How would I go about solving the following problem?

Find an orthogonal projection of a point T$(-4,5)$ onto a line $\frac{x}{3}+\frac{y}{-5}=1$.

  • The equation of your line is written in such a way that you know the $x$- and $y$-intercepts, which makes calculating the slope easy. Construct the equation of the line perpendicular to that and passing through the given point. You now have two lines; find their intersection point. – J. M. is not a mathematician Sep 7 '11 at 18:28
  • i solved it graphically using GeoGebra i53.tinypic.com/ei2ekk.jpg, it's probably correct. – jbennet Sep 7 '11 at 18:46
  • Get the slope of second line. From that you get the slope of the perpendicular. You have the point T and the slope of the perpendicular, so you have eq of the perpendicular line. Solve simultaneous equations in x and y to get intersection. – I J Sep 7 '11 at 18:52
up vote 9 down vote accepted

The slope of the line $r$, with equation $\frac{x}{3}+\frac{y}{-5}=1$, is $m_{r}=\frac{5}{3}$ (because $\frac{x}{3}+\frac{y}{-5}=1$ is equivalent to $y=\frac{5}{3}x-5$). The slope of the line $s$ orthogonal to $r$ is $m_{s}=-\frac{3}{5}$ (because $m_{r}m_{s}=-1$). Hence the equation of $s$ is of the form

$$y=-\frac{3}{5}x+b_{s}.$$

Since $T(-4,5)$ is a point of $s$, we have

$$5=-\frac{3}{5}\left( -4\right) +b_{s},$$

which means that $b_{s}=\frac{13}{5}$. So the equation of $s$ is

$$y=-\frac{3}{5}x+\frac{13}{5}.$$

enter image description here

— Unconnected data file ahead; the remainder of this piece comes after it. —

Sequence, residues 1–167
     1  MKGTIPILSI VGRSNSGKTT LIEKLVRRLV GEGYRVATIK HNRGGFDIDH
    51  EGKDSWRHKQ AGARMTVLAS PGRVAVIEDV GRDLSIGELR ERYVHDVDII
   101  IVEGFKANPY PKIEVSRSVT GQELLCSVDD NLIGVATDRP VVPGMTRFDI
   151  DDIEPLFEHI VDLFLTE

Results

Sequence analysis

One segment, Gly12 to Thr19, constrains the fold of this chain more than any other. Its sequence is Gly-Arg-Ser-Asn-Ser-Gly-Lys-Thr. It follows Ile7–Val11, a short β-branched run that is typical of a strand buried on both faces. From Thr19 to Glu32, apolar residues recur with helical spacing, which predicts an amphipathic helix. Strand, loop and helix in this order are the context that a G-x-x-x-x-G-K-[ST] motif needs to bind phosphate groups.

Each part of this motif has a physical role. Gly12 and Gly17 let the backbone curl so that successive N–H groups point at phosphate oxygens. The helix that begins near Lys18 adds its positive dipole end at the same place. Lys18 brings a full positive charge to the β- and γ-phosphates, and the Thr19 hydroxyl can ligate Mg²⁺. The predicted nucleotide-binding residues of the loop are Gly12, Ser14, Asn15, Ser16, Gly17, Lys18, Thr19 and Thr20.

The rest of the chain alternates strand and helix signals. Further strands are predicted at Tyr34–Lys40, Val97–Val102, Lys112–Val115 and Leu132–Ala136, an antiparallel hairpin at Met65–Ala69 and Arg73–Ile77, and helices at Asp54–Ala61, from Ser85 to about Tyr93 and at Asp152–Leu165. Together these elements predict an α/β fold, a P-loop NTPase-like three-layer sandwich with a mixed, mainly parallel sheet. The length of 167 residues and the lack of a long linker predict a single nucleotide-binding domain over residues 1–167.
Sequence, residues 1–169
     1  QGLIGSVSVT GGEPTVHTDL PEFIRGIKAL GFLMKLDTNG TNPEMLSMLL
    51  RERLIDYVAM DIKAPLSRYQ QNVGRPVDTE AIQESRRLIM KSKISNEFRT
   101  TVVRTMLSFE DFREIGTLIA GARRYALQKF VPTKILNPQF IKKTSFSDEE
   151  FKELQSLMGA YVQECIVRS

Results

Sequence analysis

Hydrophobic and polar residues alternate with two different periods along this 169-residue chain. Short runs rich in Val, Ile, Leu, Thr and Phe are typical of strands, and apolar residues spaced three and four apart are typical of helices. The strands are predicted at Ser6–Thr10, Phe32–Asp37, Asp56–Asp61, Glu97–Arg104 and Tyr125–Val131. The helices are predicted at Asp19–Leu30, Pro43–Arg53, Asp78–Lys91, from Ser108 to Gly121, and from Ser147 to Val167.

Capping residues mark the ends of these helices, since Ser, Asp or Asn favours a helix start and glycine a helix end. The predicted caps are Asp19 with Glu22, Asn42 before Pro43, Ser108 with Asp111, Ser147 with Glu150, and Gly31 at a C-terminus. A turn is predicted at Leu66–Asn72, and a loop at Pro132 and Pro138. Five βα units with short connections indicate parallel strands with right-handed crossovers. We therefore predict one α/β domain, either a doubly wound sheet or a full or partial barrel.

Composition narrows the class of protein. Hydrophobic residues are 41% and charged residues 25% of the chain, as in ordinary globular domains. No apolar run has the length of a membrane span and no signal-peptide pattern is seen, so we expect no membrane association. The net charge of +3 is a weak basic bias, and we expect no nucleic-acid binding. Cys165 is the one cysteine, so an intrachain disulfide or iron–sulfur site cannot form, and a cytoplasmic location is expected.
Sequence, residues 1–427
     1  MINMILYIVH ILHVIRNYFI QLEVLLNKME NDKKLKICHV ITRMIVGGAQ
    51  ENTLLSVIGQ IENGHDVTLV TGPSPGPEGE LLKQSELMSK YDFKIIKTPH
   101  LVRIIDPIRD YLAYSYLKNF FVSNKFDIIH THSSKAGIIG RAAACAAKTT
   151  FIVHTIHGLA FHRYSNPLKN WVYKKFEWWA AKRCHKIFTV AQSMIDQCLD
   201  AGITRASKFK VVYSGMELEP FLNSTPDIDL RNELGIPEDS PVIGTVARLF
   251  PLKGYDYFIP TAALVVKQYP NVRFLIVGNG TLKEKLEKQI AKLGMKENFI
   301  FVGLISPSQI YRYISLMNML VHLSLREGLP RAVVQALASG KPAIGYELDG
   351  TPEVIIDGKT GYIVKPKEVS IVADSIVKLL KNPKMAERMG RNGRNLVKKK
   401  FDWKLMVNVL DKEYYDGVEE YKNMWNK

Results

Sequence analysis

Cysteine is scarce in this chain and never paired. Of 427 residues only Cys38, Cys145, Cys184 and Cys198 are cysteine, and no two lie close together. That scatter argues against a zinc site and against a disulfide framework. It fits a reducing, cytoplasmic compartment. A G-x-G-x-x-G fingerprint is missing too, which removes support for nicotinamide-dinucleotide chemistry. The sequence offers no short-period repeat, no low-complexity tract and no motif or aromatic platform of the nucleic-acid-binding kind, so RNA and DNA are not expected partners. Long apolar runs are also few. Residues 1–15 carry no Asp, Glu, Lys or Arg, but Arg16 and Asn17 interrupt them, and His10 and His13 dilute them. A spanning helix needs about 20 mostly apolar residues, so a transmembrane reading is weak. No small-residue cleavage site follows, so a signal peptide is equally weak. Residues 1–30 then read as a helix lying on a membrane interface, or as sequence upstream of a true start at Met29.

The coordinates of the orthogonal projection of $T$ onto $r$ are the solutions of the system

$$\left\{ \begin{array}{c} y=\frac{5}{3}x-5 \\ y=-\frac{3}{5}x+\frac{13}{5}, \end{array} \right. $$

which are $(x,y)=\left( \frac{57}{17},\frac{10}{17}\right) $.

  • Thank you very much, you helped me a lot. – jbennet Sep 7 '11 at 18:54
  • @jbennet: You are welcome. Glad to help. – Américo Tavares Sep 7 '11 at 18:56

I'd like to solve the problem using orthogonal projection matrices.

If the line is passing through the origin, it will be very simple to find the orthogonal projection. Suppose $p$ is the given point, $v$ is the given line (passing through the origin, so represented by a vector). Then the orthogonal projection point is $$\frac{vv^T}{v^Tv}p$$

Now the given line does not pass through the origin. But it can be convert to the simple problem above. Choose a point $p_0=(x_0,y_0)^T$ on the given line. Move the origin to $p_0$ (later move back). Then the line can be represented by a vector $v$, and the original given point becomes $p_1=p-p_0$. Now compute $\frac{vv^T}{v^Tv}p_1$. Then move the origin back, we get the orthogonal projection in the original coordinate system is $$\frac{vv^T}{v^Tv}(p-p_0)+p_0=\frac{vv^T}{v^Tv}p+\left(I-\frac{vv^T}{v^Tv}\right)p_0$$.

enter image description here

Specifically, for your problem, $p=(-4,5)^T$. Choose $p_0=(0,-5)^T$, then $$\frac{vv^T}{v^Tv}p+\left(I-\frac{vv^T}{v^Tv}\right)p_0=(\frac{57}{17},\frac{10}{17})^T$$

  • 2
    Nice solution. It is a pity that linear algebra textbooks seldom contain exercises or solutions like this, making students lose chances to appreciate the geometric intuitions behind various ideas in linear algebra. – user1551 Sep 8 '11 at 4:21
  • Thanks. I agree. BTW, in the figure above, $\frac{vv^T}{v^Tv}p$ should be the red projection point, in stead of that read line segment. – Shiyu Sep 8 '11 at 6:51

It is the intersection of the line $\frac{x+4}{5}=\frac{y-5}{-3}$ and the line you gave.

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